That Time Atari Cracked The Nintendo Entertainment System

It was darkest hour for the video game industry following the holiday shopping season of 1982. The torrent of third party developed titles had flooded the home video game console market to the point of saturation. It incited a price war amongst retailers where new releases were dropped to 85% off MSRP after less than a month on the shelves. Mountains of warehouse inventory went unsold leaving a company like Atari choosing to dump the merchandise into the Chihuahuan desert rather than face the looming tax bill. As a result, the whole home video game industry receded seemingly overnight.

One company single-handedly revived video games to mainstream prominence. That company was Nintendo. They’re ostensibly seen as the “savior” of the video games industry, despite the fact that microcomputer games were still thriving (history tends to be written by the victors). Nevertheless their Nintendo Entertainment System (NES) was an innovative console featuring games with scrolling screens, arcade-like sprites. But the tactic they used to avoid repeating the 1983 collapse was to tightly control their market using the Nintendo Seal of Quality.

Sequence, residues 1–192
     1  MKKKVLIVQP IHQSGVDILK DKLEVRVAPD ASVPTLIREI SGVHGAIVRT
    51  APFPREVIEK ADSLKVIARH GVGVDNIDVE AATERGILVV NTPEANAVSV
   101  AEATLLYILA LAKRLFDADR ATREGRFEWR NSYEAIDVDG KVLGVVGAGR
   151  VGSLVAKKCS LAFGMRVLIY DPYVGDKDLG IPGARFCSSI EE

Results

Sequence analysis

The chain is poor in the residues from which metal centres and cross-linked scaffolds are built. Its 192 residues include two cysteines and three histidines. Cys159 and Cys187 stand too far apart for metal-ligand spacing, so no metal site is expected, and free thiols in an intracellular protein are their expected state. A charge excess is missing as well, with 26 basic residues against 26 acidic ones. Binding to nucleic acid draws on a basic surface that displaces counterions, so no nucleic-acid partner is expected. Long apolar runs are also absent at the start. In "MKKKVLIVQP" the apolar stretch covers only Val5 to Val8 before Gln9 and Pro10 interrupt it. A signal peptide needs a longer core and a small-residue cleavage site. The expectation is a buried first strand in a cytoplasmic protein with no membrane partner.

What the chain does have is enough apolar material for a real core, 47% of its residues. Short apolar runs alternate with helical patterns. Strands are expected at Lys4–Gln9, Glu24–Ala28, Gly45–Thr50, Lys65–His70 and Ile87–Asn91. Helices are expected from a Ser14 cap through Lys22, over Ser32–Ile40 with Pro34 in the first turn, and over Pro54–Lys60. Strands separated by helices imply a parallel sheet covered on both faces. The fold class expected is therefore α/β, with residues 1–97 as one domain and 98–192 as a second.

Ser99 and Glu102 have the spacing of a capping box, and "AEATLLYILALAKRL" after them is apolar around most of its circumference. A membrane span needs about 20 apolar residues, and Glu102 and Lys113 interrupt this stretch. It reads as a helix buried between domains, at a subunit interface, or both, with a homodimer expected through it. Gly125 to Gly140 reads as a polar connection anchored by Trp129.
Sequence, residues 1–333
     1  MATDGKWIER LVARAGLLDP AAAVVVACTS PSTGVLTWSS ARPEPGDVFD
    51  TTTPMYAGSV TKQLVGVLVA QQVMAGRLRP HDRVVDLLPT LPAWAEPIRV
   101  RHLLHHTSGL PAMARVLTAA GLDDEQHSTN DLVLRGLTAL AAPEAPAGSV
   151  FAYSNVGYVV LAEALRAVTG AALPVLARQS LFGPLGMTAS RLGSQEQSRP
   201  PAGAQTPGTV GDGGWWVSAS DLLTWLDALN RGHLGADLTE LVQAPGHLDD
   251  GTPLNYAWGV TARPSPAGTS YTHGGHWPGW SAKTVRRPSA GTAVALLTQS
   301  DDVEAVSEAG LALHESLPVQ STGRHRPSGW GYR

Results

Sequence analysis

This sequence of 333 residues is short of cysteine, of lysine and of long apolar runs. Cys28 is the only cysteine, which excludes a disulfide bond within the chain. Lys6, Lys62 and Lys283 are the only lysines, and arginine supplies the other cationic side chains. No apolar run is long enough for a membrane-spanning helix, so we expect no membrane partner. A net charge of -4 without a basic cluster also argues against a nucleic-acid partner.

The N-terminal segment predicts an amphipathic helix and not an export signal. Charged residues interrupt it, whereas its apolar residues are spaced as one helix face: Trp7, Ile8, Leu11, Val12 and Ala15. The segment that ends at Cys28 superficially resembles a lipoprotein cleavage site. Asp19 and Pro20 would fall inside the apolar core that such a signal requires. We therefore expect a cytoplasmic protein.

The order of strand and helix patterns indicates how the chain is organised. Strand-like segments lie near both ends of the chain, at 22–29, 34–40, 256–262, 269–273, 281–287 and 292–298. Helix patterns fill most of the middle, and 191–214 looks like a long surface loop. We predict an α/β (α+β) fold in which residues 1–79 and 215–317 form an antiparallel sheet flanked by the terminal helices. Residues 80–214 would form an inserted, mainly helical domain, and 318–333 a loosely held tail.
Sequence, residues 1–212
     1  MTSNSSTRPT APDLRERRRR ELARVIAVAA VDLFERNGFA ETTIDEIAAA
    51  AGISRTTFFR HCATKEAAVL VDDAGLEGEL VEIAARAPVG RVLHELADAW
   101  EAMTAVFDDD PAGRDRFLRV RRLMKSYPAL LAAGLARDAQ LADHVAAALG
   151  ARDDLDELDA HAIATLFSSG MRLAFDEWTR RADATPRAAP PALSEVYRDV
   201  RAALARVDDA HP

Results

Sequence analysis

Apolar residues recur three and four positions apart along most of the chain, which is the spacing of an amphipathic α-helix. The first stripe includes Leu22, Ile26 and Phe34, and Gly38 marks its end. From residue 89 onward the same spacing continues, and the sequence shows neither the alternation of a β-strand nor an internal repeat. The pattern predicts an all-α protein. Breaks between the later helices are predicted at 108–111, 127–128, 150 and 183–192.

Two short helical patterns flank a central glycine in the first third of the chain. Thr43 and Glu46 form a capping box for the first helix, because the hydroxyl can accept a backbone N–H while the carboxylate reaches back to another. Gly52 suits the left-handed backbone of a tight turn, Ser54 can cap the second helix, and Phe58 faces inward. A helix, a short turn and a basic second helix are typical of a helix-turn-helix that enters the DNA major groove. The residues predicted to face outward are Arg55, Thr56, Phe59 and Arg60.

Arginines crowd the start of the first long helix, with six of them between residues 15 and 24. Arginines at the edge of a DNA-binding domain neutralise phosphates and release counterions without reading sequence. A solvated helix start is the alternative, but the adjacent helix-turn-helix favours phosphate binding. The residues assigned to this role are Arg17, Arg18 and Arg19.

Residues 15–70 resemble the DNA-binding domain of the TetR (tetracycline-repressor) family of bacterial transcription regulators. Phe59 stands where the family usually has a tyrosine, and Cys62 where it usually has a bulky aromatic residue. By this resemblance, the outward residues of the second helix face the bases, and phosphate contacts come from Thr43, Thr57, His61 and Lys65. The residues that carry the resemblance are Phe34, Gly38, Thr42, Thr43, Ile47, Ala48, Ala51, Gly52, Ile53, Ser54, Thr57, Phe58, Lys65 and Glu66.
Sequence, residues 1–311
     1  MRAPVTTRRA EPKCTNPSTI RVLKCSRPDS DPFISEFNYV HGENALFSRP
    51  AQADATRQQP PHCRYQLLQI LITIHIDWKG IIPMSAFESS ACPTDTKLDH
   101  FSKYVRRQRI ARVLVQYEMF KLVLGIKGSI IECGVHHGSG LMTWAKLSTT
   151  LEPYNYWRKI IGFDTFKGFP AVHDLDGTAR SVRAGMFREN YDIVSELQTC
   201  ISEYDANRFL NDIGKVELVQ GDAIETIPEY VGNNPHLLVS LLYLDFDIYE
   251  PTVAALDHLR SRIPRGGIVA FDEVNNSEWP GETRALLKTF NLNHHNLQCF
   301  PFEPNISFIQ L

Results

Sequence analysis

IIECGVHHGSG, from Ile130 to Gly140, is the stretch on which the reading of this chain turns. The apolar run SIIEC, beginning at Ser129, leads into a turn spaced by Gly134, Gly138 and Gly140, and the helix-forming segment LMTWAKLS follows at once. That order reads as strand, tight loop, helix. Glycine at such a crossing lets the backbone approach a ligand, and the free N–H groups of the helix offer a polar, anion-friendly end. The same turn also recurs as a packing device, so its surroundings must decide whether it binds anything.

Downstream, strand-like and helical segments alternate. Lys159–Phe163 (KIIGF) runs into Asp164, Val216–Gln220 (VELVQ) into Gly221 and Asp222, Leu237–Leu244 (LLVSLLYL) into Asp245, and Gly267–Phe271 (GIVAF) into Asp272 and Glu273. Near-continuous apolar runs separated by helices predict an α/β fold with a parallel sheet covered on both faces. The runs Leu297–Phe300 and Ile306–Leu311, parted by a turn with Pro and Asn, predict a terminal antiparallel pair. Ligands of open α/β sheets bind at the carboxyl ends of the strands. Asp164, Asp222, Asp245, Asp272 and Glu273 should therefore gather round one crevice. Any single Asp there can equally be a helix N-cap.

From the third party developer perspective, Nintendo’s Seal of Quality represented more than just another logo to throw on the box art. It represented what you could and couldn’t do with your business. Those third party licensing agreements dictated the types of games that could be made, the way the games were manufactured, the schedule on which the games shipped to retail, and even the number of games your company could make. From the customer side of things that seal stood for confidence in the product, and Nintendo would go to great lengths to ensure it did just that.

This is the story of how an Atari subsidiary company cracked the hardware security of the original Nintendo and started putting it into their unofficial cartridges.

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Voting Insecurities

UCSB researchers demonstrated how disturbingly easy it is to hack into Sequoia’s e-voting systems and delete or add votes with little more than a USB key. Given the fact that recent elections have been very close, and this upcoming national one looks also to be decided by a close margin, it’s absolutely inexcusable that our voting systems could be so easily rigged. Not only that, Sequoia has fought hard against having its equipment tested and verified independently. Can we really afford to be using such insecure machines in democratic elections, when the risk of abuse is so great?

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